Last Christmas, we watched in horror as the remains of a boat carrying over 300 men women and children smashed mercilessly against the rocks on Christmas Island, were gathered up piece by piece and limb by limb. The Australian Navy, Coast Guard and its surveillance system picked up the boat many hours before they struck tragedy. They knew the heavily laden boat was headed for the rocks in bad weather. Yet, they stood by and allowed these people to sail directly to their death. The Prime Minister of Australia and the Defence Minister of Australia at that time may have been made aware of the impending tragedy, and may have chosen to turn a blind eye. This is not the first time Australia has deliberately allowed boat people to drown. This policy of watching and waiting and turning a blind eye to people in peril at sea does not sit well with the Australian Navy, who has made it known to the politicians that they have sworn an oath as seamen and women to save lives of other seafarers. The manner in which the politicians in Canberra appear to expect the Navy to break a time honoured code of ethics of seafarers is not sitting well with the higher ranks of the Australian Navy. Some servicemen and women have suffered psychologically as a result, having watched and stood by while innocent men women and children whose only crime was to come to Australia, daring to dream of happiness and to seek a better life and a better future, being plunged to their certain deaths.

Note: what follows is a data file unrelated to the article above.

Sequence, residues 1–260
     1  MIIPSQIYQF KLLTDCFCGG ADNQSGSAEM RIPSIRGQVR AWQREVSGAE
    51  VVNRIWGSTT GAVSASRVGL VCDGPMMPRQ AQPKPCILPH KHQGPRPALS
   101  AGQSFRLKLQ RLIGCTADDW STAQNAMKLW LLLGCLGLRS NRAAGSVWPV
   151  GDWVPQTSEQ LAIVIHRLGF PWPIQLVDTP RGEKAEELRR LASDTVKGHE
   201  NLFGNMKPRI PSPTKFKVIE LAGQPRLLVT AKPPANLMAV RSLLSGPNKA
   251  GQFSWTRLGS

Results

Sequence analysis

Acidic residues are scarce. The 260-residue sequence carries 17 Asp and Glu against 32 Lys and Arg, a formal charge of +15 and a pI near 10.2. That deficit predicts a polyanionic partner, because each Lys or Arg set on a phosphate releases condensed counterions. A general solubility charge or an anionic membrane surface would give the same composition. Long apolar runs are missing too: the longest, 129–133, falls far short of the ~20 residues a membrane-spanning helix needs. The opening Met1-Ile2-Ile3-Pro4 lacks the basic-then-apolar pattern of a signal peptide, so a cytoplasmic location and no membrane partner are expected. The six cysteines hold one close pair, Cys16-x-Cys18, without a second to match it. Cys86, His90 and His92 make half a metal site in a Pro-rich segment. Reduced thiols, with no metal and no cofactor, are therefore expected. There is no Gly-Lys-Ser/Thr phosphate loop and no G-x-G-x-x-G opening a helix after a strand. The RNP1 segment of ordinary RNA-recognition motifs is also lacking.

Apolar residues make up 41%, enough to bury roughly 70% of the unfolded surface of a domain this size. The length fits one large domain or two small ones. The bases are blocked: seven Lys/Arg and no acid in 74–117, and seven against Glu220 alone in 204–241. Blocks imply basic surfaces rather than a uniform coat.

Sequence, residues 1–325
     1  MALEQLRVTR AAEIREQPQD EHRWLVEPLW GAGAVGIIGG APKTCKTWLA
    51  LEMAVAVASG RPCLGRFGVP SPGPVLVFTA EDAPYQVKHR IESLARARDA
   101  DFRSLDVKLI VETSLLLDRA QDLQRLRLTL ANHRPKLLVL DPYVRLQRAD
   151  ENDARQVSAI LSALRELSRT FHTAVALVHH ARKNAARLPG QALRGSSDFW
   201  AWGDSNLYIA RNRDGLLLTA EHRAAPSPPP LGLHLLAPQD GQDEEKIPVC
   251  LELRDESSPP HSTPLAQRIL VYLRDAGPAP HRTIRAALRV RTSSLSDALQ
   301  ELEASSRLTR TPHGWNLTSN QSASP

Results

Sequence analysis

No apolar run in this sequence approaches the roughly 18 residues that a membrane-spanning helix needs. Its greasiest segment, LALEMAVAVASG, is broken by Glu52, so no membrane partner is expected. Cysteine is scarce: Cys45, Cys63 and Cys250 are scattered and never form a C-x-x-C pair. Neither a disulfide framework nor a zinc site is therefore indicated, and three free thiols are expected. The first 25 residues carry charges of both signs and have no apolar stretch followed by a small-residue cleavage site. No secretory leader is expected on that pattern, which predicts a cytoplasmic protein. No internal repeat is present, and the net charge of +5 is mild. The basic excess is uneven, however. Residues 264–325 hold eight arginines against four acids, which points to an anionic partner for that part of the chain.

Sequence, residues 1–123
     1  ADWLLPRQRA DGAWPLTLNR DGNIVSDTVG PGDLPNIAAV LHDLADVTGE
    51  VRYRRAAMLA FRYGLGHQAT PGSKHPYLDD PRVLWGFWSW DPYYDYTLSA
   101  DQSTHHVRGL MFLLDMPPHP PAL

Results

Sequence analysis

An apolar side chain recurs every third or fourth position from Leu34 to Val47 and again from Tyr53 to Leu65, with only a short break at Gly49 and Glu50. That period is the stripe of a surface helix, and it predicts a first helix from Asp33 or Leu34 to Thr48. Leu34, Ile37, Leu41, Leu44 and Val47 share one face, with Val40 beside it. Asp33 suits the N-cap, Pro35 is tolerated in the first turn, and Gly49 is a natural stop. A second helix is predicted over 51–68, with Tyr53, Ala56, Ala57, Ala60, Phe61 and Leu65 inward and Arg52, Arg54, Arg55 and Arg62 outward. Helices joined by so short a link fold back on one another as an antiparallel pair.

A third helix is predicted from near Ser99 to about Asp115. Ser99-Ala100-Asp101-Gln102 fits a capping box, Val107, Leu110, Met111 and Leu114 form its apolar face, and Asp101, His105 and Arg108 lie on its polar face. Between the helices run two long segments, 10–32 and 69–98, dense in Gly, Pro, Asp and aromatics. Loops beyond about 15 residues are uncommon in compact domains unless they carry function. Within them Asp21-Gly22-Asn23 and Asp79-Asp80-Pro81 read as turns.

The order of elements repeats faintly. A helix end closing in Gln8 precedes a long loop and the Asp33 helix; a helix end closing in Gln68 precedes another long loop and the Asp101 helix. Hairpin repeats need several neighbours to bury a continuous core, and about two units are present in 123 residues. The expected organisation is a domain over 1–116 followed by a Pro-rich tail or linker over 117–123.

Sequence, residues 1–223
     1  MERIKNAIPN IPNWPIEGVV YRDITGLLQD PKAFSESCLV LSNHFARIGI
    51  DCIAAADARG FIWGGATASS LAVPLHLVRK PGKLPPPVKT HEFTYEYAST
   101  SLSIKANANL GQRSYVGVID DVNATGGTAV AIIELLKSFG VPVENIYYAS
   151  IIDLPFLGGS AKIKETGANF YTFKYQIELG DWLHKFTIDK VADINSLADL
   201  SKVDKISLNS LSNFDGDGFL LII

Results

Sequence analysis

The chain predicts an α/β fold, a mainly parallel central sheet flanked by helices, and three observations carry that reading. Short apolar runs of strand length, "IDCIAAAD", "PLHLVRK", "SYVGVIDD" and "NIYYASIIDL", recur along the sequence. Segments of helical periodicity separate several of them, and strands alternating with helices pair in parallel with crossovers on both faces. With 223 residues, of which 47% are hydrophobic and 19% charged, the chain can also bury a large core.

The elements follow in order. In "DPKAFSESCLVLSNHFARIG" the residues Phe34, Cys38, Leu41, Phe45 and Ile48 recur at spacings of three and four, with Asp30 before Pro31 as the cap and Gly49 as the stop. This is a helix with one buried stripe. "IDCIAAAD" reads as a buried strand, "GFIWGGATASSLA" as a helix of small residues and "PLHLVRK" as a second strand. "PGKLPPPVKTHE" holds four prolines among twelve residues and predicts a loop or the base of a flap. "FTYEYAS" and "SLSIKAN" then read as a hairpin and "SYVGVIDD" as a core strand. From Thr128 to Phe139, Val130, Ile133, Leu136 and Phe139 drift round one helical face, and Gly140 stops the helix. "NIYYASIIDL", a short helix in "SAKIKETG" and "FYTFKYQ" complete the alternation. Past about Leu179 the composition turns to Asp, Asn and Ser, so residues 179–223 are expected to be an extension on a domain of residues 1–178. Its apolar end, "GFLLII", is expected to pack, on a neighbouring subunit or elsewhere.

The Refugee Convention is very clear that it is not a crime for human beings, people of one country to leave their country and go seek a better life in another country if they suffer persecution in the original country on grounds of race, religion or political belief. As a matter of fact it is a fundamental human right to live in peace in a safe and secure environment, and the Convention provides for and gives effect to this right and the sacred sanctity of human life and the inherent dignity of every person.